The Dreadnought Hoax
7 of 6905 portraits by Lafayette
The Dreadnought Hoax
matte bromide print, 7 February 1910
6 7/8 in. x 8 3/4 in. (176 mm x 223 mm)
Purchased with help from Gift Aid visitor donations, 2007
Artistback to top
- Lafayette (Lafayette Ltd) (founded 1880), Photographers. Artist associated with 6905 portraits.
Sittersback to top
- Anthony Buxton (1881-1970), Writer and naturalist; participant in Dreadnought Hoax. Sitter in 1 portrait.
- (William) Horace De Vere Cole (1881-1936), Practical joker and participant in Dreadnought Hoax. Sitter in 1 portrait.
- Duncan Grant (1885-1978), Artist. Sitter associated with 30 portraits, Artist of 9 portraits.
- Guy Ridley (1885-1947), Solicitor; participant in Dreadnought Hoax. Sitter associated with 1 portrait.
- Adrian Stephen (1883-1948), Psychoanalyst; son of Sir Leslie Stephen. Sitter associated with 7 portraits.
- Virginia Woolf (née Stephen) (1882-1941), Novelist and critic; sister of Vanessa Bell. Sitter in 63 portraits.
This portraitback to top
This is a historic work of art which reflects the attitudes and viewpoints of the time in which it was made. Whilst these may differ from today's attitudes, this image is an important historical document. This image is currently being researched, further information about this image will be updated below.
The Dreadnought Hoax is one of the most famous practical jokes in British Military history. The hoax was orchestrated by renowned prankster Horace de Vere Cole and five of his college friends who on 7th February 1910 gained access under false pretense to HMS Dreadnought, the Royal Navy’s iconic and most technologically advanced warship of the period.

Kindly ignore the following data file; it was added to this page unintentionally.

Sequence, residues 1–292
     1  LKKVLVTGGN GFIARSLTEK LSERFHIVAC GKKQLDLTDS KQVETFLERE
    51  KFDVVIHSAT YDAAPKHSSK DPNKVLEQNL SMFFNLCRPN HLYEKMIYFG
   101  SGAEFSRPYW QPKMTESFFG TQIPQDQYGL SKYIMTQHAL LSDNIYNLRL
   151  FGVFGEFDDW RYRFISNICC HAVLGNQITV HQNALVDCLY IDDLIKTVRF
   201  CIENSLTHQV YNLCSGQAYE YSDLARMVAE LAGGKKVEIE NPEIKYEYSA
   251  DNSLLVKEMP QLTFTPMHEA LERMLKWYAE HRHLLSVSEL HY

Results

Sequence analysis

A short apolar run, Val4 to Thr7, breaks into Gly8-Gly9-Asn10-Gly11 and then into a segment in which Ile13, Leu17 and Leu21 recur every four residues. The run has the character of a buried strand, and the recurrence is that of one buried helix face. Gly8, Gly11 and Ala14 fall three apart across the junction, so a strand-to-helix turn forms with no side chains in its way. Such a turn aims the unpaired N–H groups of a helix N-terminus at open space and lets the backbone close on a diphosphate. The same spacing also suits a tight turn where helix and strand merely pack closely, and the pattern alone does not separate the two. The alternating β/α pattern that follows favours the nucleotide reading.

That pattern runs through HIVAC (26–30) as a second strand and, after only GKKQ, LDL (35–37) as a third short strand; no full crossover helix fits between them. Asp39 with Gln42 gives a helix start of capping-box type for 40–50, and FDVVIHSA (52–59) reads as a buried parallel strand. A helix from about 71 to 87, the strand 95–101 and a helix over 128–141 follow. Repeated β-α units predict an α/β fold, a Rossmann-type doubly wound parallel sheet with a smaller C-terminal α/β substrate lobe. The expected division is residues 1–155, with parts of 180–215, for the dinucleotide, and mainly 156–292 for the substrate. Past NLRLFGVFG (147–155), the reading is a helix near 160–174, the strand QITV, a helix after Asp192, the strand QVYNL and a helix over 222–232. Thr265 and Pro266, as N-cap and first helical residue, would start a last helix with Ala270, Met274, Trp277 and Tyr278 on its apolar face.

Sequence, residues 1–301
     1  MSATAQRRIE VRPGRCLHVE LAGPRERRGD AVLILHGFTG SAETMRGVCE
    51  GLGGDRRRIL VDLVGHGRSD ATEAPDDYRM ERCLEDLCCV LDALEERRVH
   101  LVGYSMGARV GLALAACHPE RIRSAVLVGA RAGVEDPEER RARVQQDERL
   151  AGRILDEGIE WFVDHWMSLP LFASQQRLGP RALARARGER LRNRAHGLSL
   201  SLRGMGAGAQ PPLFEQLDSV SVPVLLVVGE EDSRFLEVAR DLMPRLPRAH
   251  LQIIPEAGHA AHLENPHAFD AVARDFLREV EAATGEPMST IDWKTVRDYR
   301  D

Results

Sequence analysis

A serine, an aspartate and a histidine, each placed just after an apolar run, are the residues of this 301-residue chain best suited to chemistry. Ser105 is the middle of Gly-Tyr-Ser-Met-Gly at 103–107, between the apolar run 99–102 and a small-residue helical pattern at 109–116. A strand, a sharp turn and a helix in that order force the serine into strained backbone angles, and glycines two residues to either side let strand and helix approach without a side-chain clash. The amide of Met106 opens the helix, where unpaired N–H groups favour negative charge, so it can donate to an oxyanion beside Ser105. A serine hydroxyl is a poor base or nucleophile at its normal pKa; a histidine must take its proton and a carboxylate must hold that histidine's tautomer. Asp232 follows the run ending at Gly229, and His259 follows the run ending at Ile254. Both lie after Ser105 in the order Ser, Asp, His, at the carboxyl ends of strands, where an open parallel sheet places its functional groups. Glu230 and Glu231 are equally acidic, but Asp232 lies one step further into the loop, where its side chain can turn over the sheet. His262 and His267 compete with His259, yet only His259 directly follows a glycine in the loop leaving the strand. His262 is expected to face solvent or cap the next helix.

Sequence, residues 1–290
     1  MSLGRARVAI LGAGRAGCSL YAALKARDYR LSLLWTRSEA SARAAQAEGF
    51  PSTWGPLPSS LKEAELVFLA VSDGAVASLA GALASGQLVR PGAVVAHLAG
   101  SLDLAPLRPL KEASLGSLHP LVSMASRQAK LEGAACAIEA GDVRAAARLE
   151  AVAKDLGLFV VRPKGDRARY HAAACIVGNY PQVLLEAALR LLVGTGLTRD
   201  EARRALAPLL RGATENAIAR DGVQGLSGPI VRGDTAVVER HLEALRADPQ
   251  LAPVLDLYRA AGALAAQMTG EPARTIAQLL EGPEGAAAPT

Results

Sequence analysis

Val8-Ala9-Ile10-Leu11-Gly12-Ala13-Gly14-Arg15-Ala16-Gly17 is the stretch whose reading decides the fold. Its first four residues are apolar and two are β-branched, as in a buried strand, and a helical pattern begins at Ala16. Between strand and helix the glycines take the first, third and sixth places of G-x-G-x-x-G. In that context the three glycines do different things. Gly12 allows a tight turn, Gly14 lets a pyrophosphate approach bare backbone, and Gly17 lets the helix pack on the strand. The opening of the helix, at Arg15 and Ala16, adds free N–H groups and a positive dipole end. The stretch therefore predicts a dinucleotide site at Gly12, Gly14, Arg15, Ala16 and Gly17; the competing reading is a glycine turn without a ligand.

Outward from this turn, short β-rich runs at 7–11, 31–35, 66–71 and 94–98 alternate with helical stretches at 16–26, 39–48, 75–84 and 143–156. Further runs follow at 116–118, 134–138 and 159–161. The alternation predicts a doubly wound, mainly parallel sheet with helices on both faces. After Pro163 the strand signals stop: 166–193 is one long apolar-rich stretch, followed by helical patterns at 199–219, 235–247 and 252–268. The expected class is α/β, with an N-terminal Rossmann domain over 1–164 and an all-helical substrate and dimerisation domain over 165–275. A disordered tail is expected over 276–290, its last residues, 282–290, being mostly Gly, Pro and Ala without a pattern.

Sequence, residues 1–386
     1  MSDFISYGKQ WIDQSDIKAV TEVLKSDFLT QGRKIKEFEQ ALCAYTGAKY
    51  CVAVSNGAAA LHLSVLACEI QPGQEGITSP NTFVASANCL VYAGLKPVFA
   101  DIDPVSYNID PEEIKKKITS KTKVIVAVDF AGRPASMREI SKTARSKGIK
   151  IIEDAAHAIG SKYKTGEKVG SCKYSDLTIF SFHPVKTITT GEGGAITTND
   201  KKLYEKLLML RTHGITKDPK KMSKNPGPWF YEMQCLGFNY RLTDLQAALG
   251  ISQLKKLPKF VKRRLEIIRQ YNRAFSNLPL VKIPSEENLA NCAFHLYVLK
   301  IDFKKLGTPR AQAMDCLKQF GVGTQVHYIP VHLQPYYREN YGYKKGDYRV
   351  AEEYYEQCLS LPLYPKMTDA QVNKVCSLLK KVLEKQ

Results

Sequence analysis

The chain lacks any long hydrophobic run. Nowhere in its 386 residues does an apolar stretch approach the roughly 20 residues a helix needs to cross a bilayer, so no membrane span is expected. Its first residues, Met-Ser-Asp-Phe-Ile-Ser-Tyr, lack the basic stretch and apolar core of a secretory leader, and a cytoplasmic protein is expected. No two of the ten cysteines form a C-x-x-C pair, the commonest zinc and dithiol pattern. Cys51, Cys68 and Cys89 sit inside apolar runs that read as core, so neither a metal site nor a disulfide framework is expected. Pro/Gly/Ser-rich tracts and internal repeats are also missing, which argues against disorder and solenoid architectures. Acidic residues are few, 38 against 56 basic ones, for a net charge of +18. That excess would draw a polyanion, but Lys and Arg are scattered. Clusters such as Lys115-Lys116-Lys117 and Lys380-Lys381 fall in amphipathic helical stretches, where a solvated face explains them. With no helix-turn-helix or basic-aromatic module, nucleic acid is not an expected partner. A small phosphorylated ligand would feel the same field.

Cole posed as a British Foreign Office official, whilst his collaborators masqueraded as an interpreter and Abyssinian foreign dignitaries by dressing up in elaborate ‘orientalist’ costumes and wearing ‘blackface’, a practice largely acceptable and prevalent in theatrical circles of the time but something that would be considered a racial slur today.
Virginia Stephens (later, Woolf), the only woman in the group, cross-dressed to pose as a man, wearing a false beard. The imposters were received by the Captain of the ship with great honour, despite the short notice given by a forged telegram of their impending arrival. When given a VIP tour of the warship, the group showed their appreciation by repeatedly using the invented phrase “Bunga Bunga!” in a bogus ‘native’ language which the group had agreed to speak. The language was largely made up of gibberish with the addition of a few Swahili and Latin words.
The improvised ‘Africanism’ displayed by the group proved to be convincing for those who had little exposure to African cultures. When the hoax was revealed by Cole to the newspapers after the event, the Daily Mirror printed an article about it which included this studio image. “Bunga Bunga” became a national catchphrase for a short time, acting as an embarrassing reminder to the Navy of the incident which had bought national security into question but eventually led to the tightening of military security measures as a result.
This photograph was taken at the studio of Lafayette in London, just before the party set out on train to Weymouth in Dorset where HMS Dreadnought was moored. It is suspected that the group had intended to reveal the practical joke afterwards by distributing this photograph to the national papers.
Events of 1910back to top
Current affairsGeorge V succeeds Edward VII to the throne.
The Liberals win narrow victories after calling two General Elections following escalating tension between the Liberal administration and the Lords reached crisis point with the Lords' unprecedented rejection of Lloyd George's 1909 budget. The budget included tax reform intended to fund social reform and a rearmament programme, but was seen by the Conservative Lords as an assault on property.